Back in the Courts
In related news, election reform advocates on Tuesday "asked a judge to strike down a state rule preventing counties that use [high-tech voting] machines from conducting manual recounts from them. State election officers say manual recounts are not needed since the machines tell each voter if they are skipping a race, known as an undervote, and will not let them vote twice for the same race, known as an overvote. The officials also maintain that the computer systems running the machines can be trusted to count the votes accurately as they're cast, and give the final numbers when needed. But lawyers representing the ACLU and other groups said the state should require a paper trail in case a physical recount is needed, as it was in the 2000 presidential race in Florida," the Associated Press reported.
The state's chapter of the American Civil Liberties Union is also in on the court action. "Our concern is voter confidence," Howard Simon of the ACLU of Florida told the court, according to the Tampa Tribune. "There is no way to know if a vote isn't counted by one of these machines."
|____Gov't IT Review____ This weekly feature surveys top government IT-related news -- involving all levels of government, from the federal to state and local, and international news. It is designed to give readers a primer on current trends and developments affecting the industry's major and interesting players, surveying news headlines from around the world. Washingtonpost.com's Cynthia L. Webb pens the feature. |
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In another battleground state, Computerworld reported that "the Citizens' Alliance for Secure Elections, the Electronic Frontier Foundation and the Verified Voting Foundation asked a federal court in Ohio to refrain from mandating the use of any e-voting system that doesn't provide a voter-verifiable paper ballot. The court is poised to rule on a lawsuit challenging the use of punch card and optical scan systems."
A Prescription For Disaster
Elsewhere in Florida, the Department of Veterans Affairs announced this week that it is shuttering a $472-million trial computer project at Bay Pines VA Medical Center in St. Petersburg. The project was nixed "because it doesn't work. Technicians immediately will begin switching the hospital back to the old system by Sept. 30, the end of the VA's fiscal year, Rep. C.W. Bill Young, R-Largo, said Monday," the St. Petersburg Times reported.
The newspaper provided details on just how badly the system performed: "Installed last October, the troubled computer system was designed to track finances and inventory for the VA's $64-billion nationwide budget. Bay Pines was one test site; other hospitals were scheduled to follow. But the system was plagued with problems from the start. When it struggled to order supplies, surgeries were delayed. At one point, employees bought their own plastic gloves to draw blood. Staff members complained that they could not keep track of hospital expenditures. As recently as last month, hospital administrators told congressional investigators that they could not account for almost $300,000."
The article was picked up by the Associated Press, which said the tech problems at Bay Pines led five VA officials to either quit or be reassigned. "An agency spokesman said Tuesday he could not say whether any of the money spent on the failed system would be recovered," the AP noted.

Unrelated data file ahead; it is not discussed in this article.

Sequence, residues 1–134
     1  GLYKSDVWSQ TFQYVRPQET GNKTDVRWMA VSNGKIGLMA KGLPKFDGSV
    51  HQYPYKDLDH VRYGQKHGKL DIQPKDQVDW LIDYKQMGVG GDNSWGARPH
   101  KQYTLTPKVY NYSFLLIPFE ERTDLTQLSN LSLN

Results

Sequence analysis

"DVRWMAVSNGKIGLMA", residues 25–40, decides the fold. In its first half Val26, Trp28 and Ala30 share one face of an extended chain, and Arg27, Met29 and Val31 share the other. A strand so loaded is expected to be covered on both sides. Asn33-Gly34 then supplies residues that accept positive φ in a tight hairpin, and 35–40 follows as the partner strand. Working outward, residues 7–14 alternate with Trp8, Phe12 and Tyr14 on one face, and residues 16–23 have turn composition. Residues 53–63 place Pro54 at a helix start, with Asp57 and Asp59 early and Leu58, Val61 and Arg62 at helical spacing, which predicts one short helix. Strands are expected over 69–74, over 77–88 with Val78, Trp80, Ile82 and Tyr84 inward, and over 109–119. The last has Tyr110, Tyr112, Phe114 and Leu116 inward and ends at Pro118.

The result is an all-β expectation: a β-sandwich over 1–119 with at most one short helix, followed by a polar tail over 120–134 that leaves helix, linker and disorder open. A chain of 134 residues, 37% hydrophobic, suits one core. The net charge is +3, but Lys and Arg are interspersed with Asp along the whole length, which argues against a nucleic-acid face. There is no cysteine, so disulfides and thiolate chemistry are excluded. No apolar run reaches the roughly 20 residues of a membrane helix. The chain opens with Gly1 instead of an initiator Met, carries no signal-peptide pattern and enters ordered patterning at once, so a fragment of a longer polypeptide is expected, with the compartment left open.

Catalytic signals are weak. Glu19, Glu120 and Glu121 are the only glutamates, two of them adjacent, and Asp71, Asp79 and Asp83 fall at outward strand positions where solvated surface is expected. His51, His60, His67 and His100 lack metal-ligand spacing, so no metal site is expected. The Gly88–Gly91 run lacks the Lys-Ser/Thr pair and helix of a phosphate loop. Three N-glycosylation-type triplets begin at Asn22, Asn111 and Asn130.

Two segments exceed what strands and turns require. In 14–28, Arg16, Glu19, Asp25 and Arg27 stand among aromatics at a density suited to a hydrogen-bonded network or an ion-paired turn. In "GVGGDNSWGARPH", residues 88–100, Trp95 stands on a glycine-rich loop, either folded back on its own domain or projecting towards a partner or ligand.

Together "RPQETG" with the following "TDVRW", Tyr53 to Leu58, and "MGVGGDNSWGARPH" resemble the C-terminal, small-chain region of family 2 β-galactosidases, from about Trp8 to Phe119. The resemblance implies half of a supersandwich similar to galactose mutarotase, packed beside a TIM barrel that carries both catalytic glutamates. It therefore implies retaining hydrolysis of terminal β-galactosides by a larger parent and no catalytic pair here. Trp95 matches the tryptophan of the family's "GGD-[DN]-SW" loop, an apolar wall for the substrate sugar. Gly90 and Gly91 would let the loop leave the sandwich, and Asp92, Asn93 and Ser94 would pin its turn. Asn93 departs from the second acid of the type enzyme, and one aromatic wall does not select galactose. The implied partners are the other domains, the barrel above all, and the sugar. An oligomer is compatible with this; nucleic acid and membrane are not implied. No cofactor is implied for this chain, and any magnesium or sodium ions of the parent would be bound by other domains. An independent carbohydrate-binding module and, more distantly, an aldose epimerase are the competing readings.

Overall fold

Big Blue's Super Contract
IBM has been tapped to build a supercomputer for the Navy, a project that will result in the military's fastest supercomputer. The Naval Oceanographic Office commissioned the new supercomputer, which will perform at "a peak speed of 20 teraflops, or 20 trillion operations per second, according to IBM officials. Navy officials will deploy the system at the office's Major Shared Resource Center, located at NASA's John C. Stennis Space Center in Mississippi. The purchase also includes a fast supercomputer cluster," Federal Computer Week reported.
"The supercomputer, which IBM said will cost less than $100 million, will be used to produce short-term weather forecasts for Navy fleets at sea. The Pentagon said the supercomputer's immense power will allow military scientists to model atmosphere and ocean dynamics for the entire surface of the Earth. The computer also will be able to analyze aircraft material at a molecular level to produce wings less likely to crack and to examine the flow of water around submarine hulls to improve their design," The Washington Post said.
InfoWorld has more details on the computer, called Kraken (named after the sea monster of Norse mythology). "Kraken is designed to let naval scientists and engineers more quickly solve problems that can affect the outcome of military engagements. Among other things, it will improve their weather forecasting, missile design, and oceanographic-mapping capabilities. The system is scheduled to begin operating by September."
In other supercomputer news, Silicon Graphics Inc. and Intel Corp. are working on a supercomputer project for NASA, Federal Computer Week reported. "Project Columbia, expected to give NASA's supercomputing capacity a tenfold boost, will simulate future missions, project how humans affect weather patterns and help design exploration vehicles," the article said.